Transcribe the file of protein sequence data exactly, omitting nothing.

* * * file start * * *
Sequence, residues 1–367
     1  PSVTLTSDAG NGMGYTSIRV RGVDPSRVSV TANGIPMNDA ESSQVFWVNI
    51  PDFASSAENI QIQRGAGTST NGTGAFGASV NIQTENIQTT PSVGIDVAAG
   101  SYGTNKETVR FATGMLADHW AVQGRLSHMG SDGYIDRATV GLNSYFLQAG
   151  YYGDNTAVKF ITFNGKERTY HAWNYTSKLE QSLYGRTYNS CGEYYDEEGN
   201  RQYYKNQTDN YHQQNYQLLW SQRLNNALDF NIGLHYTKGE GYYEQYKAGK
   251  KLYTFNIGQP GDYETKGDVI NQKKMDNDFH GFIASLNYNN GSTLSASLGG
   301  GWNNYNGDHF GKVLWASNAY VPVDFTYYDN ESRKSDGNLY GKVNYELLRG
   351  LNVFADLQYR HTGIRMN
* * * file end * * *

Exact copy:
Sequence, residues 1–367
     1  PSVTLTSDAG NGMGYTSIRV RGVDPSRVSV TANGIPMNDA ESSQVFWVNI
    51  PDFASSAENI QIQRGAGTST NGTGAFGASV NIQTENIQTT PSVGIDVAAG
   101  SYGTNKETVR FATGMLADHW AVQGRLSHMG SDGYIDRATV GLNSYFLQAG
   151  YYGDNTAVKF ITFNGKERTY HAWNYTSKLE QSLYGRTYNS CGEYYDEEGN
   201  RQYYKNQTDN YHQQNYQLLW SQRLNNALDF NIGLHYTKGE GYYEQYKAGK
   251  KLYTFNIGQP GDYETKGDVI NQKKMDNDFH GFIASLNYNN GSTLSASLGG
   301  GWNNYNGDHF GKVLWASNAY VPVDFTYYDN ESRKSDGNLY GKVNYELLRG
   351  LNVFADLQYR HTGIRMN